By Mary Boone
The thought that renters are throwing away money when they could be building equity is a bit of an outdated notion. These days, many people are realizing that owning a home may not make financial sense for them.
To buy or to rent? It often boils down to how long you plan to stay in a home, your financial situation and your location.
Time is of the essence
If you’ve just gone through a major life change — gotten married or divorced, had a baby or a death in the family — homeownership may not be in your best interest right now.
Perhaps you know you’ll be retiring soon and will want to downsize. If you’re relocating for a new job or relationship, you may want to check out the neighborhoods in your new city; renting allows you to sample several areas before making a long-term housing decision.
Money really does matter
If you’re dodging bill collectors, renting is probably a better, more feasible option right now.
Yes, it may be possible to get a home loan if you have credit card debt or if you have yet to save at least 10 percent for a down payment, but most money managers warn it’s not the best financial strategy.
Pay down credit cards that have balances above 50 percent of the credit limit and grow your savings so you’ll have a 10 to 20 percent down payment when you’re ready to shop for a home.
Know your market
Look at trends in home prices and foreclosure rates within your preferred city and specific neighborhoods. Simple online searches will allow you to compare average list prices and sales prices within your ZIP code. If the sales price trends of homes in your desired neighborhood are in steady decline, it’s probably best to avoid the commitment of home ownership. Understand that these trends will vary greatly by location.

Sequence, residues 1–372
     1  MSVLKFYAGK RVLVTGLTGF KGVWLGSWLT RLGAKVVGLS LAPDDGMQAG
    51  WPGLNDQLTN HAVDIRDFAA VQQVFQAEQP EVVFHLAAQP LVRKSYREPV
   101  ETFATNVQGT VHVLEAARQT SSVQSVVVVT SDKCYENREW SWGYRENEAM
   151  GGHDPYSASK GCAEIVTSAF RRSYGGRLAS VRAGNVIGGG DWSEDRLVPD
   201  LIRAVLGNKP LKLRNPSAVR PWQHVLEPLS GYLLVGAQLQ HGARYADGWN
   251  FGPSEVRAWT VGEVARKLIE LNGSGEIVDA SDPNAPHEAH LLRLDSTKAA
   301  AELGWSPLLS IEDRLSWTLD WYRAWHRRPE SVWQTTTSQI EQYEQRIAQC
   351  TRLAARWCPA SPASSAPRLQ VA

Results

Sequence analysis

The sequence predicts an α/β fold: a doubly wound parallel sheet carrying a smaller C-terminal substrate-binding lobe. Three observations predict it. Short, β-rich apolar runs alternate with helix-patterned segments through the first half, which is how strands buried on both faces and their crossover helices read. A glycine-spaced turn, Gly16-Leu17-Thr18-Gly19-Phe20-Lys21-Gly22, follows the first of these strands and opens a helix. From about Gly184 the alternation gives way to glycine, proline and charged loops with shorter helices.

A Zillow metric called the breakeven horizon helps prospective home buyers determine the number of years after which buying a home makes more financial sense than renting one. The data indicates that, on a nationwide average, homeownership pays off in three years. Again, this rent-or-buy calculation varies widely; for example, it would take 8.3 years on average to break even in San Jose, CA, compared to 1.6 years in Tampa, FL.
Broaden your examination of local markets to include unemployment. If the county’s largest employer just announced massive layoffs, home prices will probably fall further. The last thing you want to do is buy a home and then have its value immediately decline.
Renting is easy
If you don’t want the responsibilities and risks associated with being a homeowner — then, by all means, rent.
In the past, apartments and condos were the primary rental options. These days, however, the rental market in many cities is flush with single-family homes. As a renter, you can pay your rent and not have to worry about mowing the lawn, repairing the dishwasher or replacing lost shingles.
There’s no hard-and-fast rule that says you must own a house — ever. Sometimes the decision to buy boils down to personal preferences. If you’ve always dreamed of a steam shower, a home office with built-in bookcases and a veranda with a view, then you may not find those things in a rental. Also, as a renter, you're at the mercy of a landlord for things like paint color and carpet replacement. Home ownership allows you to customize spaces to your specifications.
In reality, the decision to buy or rent comes down to what you feel most comfortable doing — as long as you can afford it.
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